The book that affected me most while I lived in SoCal was "Geology Underfoot in Southern California," by Robert Sharp and Allen Glazner. I was determined to go to every single site these authors described; however, I only went to about half of the places. I'll be posting more on those trips, too, so stay tuned.

After paying $10 for parking, we made our way down the steep trail to the beach. The day was a typical, on-shore flow, with the sunlight deflected from millions of suspended micro-droplets of mist in the air. There was a softness to the day that was in direct contrast to the noise of the restless sea.

And this is me, taking in the gorgeous scenery: 

The walk was fairly long, but the tide was low and the exposed accretioned sections of seafloor lay slanted, pointing at the direction from whence they originated. The Farallon Plate had long ago ceased to subduct the coast, but its strength and longevity was scattered along the shores of southern California via marine terraces.

We made our way to Echo Arch Camp and the Cristianitos Fault, which lay just beyond it. Here's a map of the area courtesy of the same book that inspired my trip:

The following image is the entrance to the Echo Arch Gully Trail:

To my right, the bluffs underscore the fact that ancient sea levels were higher and by its tilt that the land has risen by some radical force.

And then, suddenly we are in a wide open area, the Echo Arch Camp, which is absolutely stunning:

Thanks to millennia of erosion by the sea undercut this cliff, thereby eliminating layer after layer of deposits a few feet at a time. Otherwise, we would not be able to enjoy the scenery within this arena.

Rounding the corner from Echo Arch, we begin to see signs of the fault.

The white sandstone below a line of cobbles is an old wave cut platform about 30-40' in height known as the San Mateo Sandstone. About 20' of that layer was shaved off and drilled into so that the San Onofre Nuclear Power Plant could be founded safely. Above the line of cobbles, 60-90' of a dark brown collection of detritus and material sits that took around 100,000 years to accumulate. Think of the sea moving inward covering the original wave-cut platform and leaving its particulate traces, such as sand and shells, then the wash of small stones, boulders, soil, and other materials move down to land on the leeward side of the platform, making a nice sloping apron. Sea level changes, allowing for more accumulation. Thousands of years later, sea level finally stabilizes and once more wave cutting occurs, removing enough material so that we are now able to see these two bedding layers with a fault running through them.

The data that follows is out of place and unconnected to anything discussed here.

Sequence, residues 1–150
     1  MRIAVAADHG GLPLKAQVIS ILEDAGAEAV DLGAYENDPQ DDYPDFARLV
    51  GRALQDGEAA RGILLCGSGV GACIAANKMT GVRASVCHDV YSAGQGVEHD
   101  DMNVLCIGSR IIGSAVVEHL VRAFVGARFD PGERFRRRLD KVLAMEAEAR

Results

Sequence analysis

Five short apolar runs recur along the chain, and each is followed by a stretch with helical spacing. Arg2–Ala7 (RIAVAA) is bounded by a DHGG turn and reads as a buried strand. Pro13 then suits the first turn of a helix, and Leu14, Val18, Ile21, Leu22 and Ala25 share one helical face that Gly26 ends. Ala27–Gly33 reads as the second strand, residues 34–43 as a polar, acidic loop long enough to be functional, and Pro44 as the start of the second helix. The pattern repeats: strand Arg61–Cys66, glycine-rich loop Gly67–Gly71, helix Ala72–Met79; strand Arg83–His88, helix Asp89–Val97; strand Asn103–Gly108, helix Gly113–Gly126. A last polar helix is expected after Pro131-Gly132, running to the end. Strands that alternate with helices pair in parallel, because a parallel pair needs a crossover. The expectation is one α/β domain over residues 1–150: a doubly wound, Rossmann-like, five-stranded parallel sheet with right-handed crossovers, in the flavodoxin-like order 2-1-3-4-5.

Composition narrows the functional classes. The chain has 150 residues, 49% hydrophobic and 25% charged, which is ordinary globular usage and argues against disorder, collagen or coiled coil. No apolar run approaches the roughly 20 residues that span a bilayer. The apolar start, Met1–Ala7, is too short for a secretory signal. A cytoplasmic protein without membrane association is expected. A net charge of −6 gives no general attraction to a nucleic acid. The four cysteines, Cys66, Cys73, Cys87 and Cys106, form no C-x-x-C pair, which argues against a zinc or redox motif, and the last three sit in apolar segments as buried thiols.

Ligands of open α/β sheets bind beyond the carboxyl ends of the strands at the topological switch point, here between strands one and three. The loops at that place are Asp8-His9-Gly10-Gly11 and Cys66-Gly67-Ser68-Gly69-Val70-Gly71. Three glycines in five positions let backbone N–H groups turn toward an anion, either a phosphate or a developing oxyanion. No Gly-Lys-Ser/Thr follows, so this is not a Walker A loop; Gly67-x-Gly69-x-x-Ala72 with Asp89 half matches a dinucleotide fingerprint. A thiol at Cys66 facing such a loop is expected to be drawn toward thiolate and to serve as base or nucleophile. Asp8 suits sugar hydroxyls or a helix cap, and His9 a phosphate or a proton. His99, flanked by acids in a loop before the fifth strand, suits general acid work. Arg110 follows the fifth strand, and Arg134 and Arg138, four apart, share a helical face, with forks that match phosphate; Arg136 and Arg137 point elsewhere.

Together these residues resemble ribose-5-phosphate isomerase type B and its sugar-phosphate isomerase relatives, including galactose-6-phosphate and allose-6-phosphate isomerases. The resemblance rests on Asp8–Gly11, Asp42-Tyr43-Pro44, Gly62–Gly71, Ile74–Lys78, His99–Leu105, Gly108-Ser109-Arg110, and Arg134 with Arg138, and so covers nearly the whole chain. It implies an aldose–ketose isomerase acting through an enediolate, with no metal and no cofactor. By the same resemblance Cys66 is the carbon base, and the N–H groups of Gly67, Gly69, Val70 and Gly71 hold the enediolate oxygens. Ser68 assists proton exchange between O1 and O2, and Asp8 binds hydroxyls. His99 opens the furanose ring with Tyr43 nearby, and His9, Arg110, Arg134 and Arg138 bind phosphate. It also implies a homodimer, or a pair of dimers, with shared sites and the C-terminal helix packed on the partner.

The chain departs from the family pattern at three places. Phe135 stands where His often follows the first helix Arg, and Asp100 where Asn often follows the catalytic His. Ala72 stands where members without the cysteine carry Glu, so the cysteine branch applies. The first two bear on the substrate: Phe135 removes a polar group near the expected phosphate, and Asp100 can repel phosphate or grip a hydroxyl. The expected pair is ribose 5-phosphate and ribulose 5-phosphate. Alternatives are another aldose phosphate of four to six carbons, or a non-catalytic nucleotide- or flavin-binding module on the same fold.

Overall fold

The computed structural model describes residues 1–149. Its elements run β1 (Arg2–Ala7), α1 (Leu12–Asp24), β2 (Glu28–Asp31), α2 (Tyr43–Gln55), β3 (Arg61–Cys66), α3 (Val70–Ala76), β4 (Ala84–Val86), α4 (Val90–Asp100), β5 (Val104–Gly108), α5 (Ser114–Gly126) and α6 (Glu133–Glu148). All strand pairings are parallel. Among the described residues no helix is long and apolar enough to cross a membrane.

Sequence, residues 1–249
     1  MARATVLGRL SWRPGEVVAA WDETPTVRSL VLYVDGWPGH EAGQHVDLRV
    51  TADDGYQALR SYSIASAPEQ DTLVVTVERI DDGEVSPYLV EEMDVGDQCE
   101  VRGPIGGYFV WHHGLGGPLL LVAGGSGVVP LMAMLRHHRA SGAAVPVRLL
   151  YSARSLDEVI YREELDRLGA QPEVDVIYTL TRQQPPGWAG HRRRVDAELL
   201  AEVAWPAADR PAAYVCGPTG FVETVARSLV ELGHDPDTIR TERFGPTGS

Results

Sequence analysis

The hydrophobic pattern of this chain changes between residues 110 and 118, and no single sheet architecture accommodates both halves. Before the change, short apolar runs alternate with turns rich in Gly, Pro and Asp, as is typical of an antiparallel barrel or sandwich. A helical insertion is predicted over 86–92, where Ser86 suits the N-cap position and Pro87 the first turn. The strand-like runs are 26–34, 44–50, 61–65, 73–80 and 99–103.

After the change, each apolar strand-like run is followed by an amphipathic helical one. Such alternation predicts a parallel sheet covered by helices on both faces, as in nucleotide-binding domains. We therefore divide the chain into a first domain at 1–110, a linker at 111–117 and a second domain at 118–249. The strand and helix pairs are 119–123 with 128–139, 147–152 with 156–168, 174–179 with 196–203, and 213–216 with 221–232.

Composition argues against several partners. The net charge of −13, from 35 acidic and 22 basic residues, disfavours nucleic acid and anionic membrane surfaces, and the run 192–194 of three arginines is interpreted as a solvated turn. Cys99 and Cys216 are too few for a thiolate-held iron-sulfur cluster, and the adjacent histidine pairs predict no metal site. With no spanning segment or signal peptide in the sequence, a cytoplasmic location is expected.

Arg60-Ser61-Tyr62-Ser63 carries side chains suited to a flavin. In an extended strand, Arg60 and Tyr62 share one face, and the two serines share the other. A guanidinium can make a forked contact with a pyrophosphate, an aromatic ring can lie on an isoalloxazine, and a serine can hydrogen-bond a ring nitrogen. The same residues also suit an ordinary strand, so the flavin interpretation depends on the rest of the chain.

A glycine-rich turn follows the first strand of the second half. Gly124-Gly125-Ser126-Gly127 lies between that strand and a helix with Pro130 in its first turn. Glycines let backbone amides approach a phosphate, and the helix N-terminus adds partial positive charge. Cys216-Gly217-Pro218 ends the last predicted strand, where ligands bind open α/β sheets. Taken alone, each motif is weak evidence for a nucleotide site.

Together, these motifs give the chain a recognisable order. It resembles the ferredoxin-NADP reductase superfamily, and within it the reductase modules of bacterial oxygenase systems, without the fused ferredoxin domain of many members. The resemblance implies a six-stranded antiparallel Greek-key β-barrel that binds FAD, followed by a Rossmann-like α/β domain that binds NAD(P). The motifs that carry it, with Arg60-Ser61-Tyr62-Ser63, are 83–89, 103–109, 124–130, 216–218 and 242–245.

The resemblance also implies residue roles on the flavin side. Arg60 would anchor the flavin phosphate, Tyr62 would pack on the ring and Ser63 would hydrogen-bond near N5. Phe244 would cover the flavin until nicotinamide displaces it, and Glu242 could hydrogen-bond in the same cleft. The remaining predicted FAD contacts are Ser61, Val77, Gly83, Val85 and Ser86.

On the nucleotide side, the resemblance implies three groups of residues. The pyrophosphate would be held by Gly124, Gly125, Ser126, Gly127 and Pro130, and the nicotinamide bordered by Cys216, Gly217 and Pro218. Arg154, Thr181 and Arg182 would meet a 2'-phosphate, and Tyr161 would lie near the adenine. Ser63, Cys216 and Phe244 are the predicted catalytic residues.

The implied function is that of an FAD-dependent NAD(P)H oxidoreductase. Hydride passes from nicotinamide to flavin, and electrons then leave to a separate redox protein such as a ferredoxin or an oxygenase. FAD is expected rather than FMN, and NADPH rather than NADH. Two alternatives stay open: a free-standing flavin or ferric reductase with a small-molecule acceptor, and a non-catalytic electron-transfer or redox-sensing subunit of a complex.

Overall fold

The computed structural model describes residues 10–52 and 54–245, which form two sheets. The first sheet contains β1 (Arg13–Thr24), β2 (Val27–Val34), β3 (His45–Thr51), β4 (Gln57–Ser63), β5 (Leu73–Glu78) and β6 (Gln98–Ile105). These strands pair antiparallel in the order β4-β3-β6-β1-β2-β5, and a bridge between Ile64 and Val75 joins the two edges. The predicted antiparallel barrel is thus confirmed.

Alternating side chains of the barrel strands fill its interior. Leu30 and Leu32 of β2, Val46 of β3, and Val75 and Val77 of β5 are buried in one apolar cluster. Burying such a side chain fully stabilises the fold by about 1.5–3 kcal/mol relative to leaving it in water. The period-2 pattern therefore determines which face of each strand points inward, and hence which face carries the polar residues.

In case you think that hmm, San Onofre will be undercut, thankfully, solid concrete walls with a berm of large wedges of rocks buttress the plant and so time will be long coming before this nuclear plant is at risk.You can see the plant below and the layer of San Mateo Sandstone overlaid by the Alluvial Deposits (also, take care to see the nude sunbather, too ;-)

Next, let's look at the fault. It extends inland on a bearing of WNW for about 26 miles, crossing Ortega Highway, all the way through the valley of CaƱada Chiquita. The Monterey Shale was laid down during the Miocene (20-15 million years ago) and the San Mateo Sandstone, during the Pliocene (4-5 million years ago. The Monterey Shale? Hey, where is that? Take a look below:

It's behind those bushes.

The San Mateo formation has moved over the Monterey Shale, which dropped allowing the situation to occur. Also, notice that banding has taken place near the fault in the San Mateo formation, while the Monterey Shale is crumpled and broken. But look at the layer of cobbles above the fault--they are level, which signifies no movement in the fault since they were laid down. The Alluvial Deposits are at roughly 90 degrees, which also means that they have not been displaced. Studies show that the wave-cut platform is about 120,000 to 125,000 years old; faults are considered active if they have moved within the last 11,000 to 35,000 years. Therefore, the fault is dead, and no worries over this one affecting San Onofre.

What's really neat, though, is that you can place your hand in a genuine fault. Way cool.

And that's it. Hope you had as much fun as I did. Gotta run! See you later!